Planterest – Hygrophila Corymbosa Bunch Temple Hygro
  • LIVE AQUARIUM PLANT - 1 Bundle of Hygrophila Corymbosa.
  • FREE ICE OR HEAT pack - Due to extremely weather, Ice and heat pack is available up on request. Simply put "ICE" or "HEAT" after your name on your shipping address.
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Amazon sword, Echinodorus varieties

Another huge background plant that makes a great focal point (but luckily also comes in compacter versions for smaller aquariums) is the Amazon sword. It lends its name from the sword-like shape of the leaves! Amazon sword is a fast grower that will propagate naturally and shoot up new plants close to the mother plant when healthy, essentially creating a thick ‘forest’ on its own when left alone. Fish that need hiding places, such as bettas, will definitely appreciate it.

Amazon swords is very hardy; when I cleaned out a tank that had been sitting with the lights off for multiple months I fully expected to find my sword dead, but it was still bright green and had produced multiple new leaves. It will thrive in a wide range of water values and temperatures and will grow fine under low lighting.

Amazon swords often require some extra nutrients, so if you’re having trouble growing yours you may want to look into getting some root tabs.

SubstrateSource Echinodorus bleheri Small Amazon Sword
  • Live Freshwater Tropical Aquarium Plant
  • Potted plant as shown. "Small" size are generally 4-8 inches in height
  • Tolerates low to high light levels
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Duckweed, Lemna minor

Floating plants are really appreciated by fish that come from naturally darker habitats, and luckily there is a very fast grower available in this department as well! Duckweed is mostly known from completely overgrown, green ponds but because it can adapt to almost any temperature and water type, it will also do well in your home aquarium. Its leaves are very small and the roots stay relatively short compared to other floating plants, which makes it a great choice for smaller aquariums. It can also be grown separately to feed plant eating fish; goldfish especially will really appreciate the occasional serving of duckweed.

If you decide to keep duckweed in your main aquarium, keep in mind that it’s such a fast grower it will be very difficult to get rid of if you change your mind. It regularly needs to be thinned out because it may otherwise clog up your filter and prevent proper water flow, and if even one small piece remains it will usually quickly grow back and eventually cover the entire surface again.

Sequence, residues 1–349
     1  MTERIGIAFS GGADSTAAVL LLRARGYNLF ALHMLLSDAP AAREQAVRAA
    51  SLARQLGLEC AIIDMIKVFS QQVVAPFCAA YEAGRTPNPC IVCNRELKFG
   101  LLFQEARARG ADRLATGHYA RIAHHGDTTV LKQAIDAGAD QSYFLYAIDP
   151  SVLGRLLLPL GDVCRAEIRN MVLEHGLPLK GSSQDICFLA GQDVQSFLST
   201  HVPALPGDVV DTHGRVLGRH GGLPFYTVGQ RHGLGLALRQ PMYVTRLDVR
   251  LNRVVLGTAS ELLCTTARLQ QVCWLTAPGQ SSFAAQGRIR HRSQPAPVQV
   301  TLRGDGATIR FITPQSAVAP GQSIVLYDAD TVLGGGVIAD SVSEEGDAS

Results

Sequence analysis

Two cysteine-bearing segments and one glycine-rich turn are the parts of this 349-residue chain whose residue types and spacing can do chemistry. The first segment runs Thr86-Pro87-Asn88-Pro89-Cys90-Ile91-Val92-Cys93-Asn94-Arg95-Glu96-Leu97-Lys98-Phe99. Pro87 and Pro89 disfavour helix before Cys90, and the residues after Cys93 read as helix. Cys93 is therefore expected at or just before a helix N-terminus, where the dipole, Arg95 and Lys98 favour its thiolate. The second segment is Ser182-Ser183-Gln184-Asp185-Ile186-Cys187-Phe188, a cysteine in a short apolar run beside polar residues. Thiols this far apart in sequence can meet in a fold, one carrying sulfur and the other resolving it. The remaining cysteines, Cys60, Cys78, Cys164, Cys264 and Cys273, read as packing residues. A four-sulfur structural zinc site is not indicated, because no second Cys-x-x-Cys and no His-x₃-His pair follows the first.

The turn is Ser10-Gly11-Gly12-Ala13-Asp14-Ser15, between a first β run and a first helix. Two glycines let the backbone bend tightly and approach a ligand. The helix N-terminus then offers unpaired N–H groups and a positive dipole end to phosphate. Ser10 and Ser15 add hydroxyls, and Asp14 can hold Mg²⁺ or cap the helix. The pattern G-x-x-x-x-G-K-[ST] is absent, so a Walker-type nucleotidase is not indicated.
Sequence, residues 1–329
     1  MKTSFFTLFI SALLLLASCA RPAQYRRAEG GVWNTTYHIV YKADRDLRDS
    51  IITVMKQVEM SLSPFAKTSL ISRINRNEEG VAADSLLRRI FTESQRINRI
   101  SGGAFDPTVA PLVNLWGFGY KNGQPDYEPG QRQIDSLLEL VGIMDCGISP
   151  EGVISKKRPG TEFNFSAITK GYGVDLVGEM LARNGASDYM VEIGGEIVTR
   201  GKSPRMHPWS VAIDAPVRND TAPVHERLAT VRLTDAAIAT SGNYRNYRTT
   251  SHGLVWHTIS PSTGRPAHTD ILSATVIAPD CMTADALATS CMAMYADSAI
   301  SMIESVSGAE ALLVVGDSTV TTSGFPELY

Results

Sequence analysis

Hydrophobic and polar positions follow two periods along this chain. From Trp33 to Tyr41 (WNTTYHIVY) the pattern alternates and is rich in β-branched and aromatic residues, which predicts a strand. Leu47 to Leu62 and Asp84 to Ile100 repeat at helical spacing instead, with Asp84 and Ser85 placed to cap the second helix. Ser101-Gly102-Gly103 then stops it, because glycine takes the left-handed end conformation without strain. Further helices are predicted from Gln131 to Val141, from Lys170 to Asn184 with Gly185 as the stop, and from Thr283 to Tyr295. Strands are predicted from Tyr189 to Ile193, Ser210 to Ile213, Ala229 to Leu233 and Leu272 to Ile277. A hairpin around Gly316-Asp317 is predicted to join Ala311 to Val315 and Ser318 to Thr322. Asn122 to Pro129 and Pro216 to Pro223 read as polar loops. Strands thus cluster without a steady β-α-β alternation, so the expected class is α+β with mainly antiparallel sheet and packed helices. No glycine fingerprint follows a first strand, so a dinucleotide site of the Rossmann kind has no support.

That being said, it’s a great plant if you’re looking for a super fast growing floater to provide cover for shy fish or create a natural looking dark aquascape.

2 Cups Live Duckweed (LEMNA Minor)
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To keep in mind…

The aquarium plants mentioned in this article all grow so fast they might require regular trimming. When trimming your aquarium plants, keep in mind that you should never introduce them into the wild. They can destroy local ecosystems. Dry them before discarding or use them as compost!

If you have any more questions about growing these plants or if you want to suggest another super fast grower, be sure to leave a comment below. Happy fishkeeping!

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11 thoughts on “7 Fast Growing Aquarium Plants!”

    • Hello!
      Hornwort should be okay with cichlids, though there’s always the chance it will get eaten. Hornwort is cheap enough that I would recommend trying some and seeing if it works!
      Let us know how it goes if you decide on trying.

  1. A very useful article indeed! Small concern, though: If one were to add these guys to an aquarium that already houses smaller, slow-growing plants: Will the fast growers consume the fertilizers? I know the fertilizer dose should be raised to support them. But will they out-compete the slow growers before they get a chance? Or should raising the fertilizer dose be enough to sustain them all?

    • I’ve seen them combined succesfully. I think your best bet would be to just get a water test kit that allows you to test the nutrients needed for your plants – that way you can keep a close eye on everything and adjust the fertilizing schedule accordingly!

  2. I like pennywort, it was one of the first I tried as I attempted to wean myself from plastic plants. I must say though, that it does prefer higher lighting than my stock tanks have. It grows, remains alive, but not spectacularly. I use it floating. My all time favorite of fast growing, easy to grow plants is guppy grass, Najas guadalupensis, can sneak up on you in it’s growth, suddenly during a water change you see how much there is now. I coral mine in plastic plants, the best of two worlds.